Good Candy, Good Business
The origins of the Bartell Candy Kitchen are a little hazy, other than we know that George Bartell opened it as the company was beginning to rapidly grow in the early 1910s. The factory probably opened in 1913, perhaps a year earlier. Certainly it was up and running by the Christmas season in 1913, when an ad in the Seattle Times assured readers that "you always feel sure of the real goodness of Bartell candies … [made] fresh every day from the Bartell Candy Factory" ("Buy Lowneys…"). The exact reasons are also hazy why Bartell, a pharmacist, opened a candy factory. In a 1929 interview he explained that he had found that the company could make a much better grade of candy than it could buy, but conceded that operating the factory itself brought little in the way of direct profits.
Most likely Bartell, an astute entrepreneur, recognized that selling fresh candy in his stores was a good way to bring in business. He'd used candy to entice customers before. When he opened his Red Cross Annex store on 2nd Avenue on October 1, 1904, he provided 4,000 boxes of candy, one to be given to every customer who made a purchase, no matter how small, in the new store that day. Bartell saw that even if he didn't make money from the sale of the candy itself, the company would profit when customers purchased other items they might not otherwise have bought had they not come in for a bite of something sweet. The fact that the candy was fresh and locally made (and by a drugstore!) was just an added bonus.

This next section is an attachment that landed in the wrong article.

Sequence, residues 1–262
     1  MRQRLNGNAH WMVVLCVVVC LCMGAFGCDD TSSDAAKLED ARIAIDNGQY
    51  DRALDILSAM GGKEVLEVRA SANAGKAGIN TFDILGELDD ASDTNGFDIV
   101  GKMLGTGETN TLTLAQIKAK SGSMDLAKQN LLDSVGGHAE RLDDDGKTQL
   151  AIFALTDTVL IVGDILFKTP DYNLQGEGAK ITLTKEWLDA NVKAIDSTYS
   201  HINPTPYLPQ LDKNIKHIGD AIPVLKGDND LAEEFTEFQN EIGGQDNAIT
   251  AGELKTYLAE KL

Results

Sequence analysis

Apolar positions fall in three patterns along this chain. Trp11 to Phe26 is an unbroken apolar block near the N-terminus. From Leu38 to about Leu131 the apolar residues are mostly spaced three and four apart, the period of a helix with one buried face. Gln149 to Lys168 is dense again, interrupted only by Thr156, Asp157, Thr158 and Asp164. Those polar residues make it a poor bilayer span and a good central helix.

In 1914, Bartell moved the company's headquarters to the Boren Avenue location. The building now not only housed Bartell's headquarters and candy factory but also its warehouse. Bartell soon found it necessary to expand the structure, and in 1916 enlarged the building and added a second floor. The Seattle Times article that references this work adds that Bartell's ice cream plant was located in this building. However, the ice cream plant was part of Bartell Drugs' food operations, which were separate from the candy factory. (Bartell's food operations were big. They provided hot food to nearly all of its 23 drugstores and three tea rooms by the early 1950s, and also provided food for a cafeteria in one of Bartell's drugstores.)